There are also examples of teachers who don’t really embrace the change and “have a go at this laptop thing.” They don’t get improvements and thus find disadvantages. This doesn’t prove the technology “doesn’t work.” It is no different to the friend who joins a gym to get fit, but complains a lot and doesn’t take the time to learn how to use the equipment properly, doesn’t follow through with the advice of their trainer, and eventually gives up because it hurts and is inconvenient. Yet nobody would imply that gyms aren’t effective for body building and fitness.

Six main components

During the past year, I’ve identified six main areas that need to change in order for organization-wide success to occur. These are

  1. Infrastructure
  2. Organisational leadership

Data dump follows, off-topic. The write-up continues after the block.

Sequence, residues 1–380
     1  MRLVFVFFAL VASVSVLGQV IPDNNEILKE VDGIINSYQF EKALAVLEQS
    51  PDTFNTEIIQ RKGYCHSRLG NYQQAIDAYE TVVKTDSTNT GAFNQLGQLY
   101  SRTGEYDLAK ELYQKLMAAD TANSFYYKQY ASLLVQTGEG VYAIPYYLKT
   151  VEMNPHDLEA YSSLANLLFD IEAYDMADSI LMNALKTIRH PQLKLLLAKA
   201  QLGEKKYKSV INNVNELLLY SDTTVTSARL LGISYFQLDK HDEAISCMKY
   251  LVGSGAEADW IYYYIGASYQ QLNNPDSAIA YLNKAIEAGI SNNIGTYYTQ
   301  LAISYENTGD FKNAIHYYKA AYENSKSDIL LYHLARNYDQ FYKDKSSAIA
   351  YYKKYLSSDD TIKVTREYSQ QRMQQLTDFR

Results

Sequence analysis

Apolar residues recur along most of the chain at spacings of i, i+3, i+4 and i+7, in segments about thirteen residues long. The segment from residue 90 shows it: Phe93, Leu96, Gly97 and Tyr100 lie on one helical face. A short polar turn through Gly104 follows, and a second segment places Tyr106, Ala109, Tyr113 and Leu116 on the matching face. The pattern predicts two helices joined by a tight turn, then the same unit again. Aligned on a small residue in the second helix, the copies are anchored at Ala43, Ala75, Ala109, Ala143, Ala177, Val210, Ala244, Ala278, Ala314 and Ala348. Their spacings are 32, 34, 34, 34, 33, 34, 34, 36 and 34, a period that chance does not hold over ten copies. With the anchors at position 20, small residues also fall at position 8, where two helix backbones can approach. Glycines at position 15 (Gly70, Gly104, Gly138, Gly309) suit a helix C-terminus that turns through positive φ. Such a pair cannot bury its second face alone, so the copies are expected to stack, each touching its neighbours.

3. Mindset
  4. Staffing
  5. Professional development
  6. Flexible learning spaces

The articles that outline these areas are available from the links provided.

Laptops are one sixth of the first component — infrastructure; one of more than thirty key aspects in all. Yet some would expect that it is the definitive measure for success. Really?

Big picture learning

Looking at laptops and infrastructure alone as drivers of academic change is simplistic. It shows a lack of understanding of the big picture and the changes that must occur in the entire learning ecosystem for academic results to improve.

It is about time we, as educators, looked deeper and had more sophisticated conversations about technology in education. This is the biggest shift in education in over one hundred years. It deserves more considered attention. Failure to do this would leave education as the only industry that does not need to evolve to harness the benefits of technology. Do we really believe that this is likely?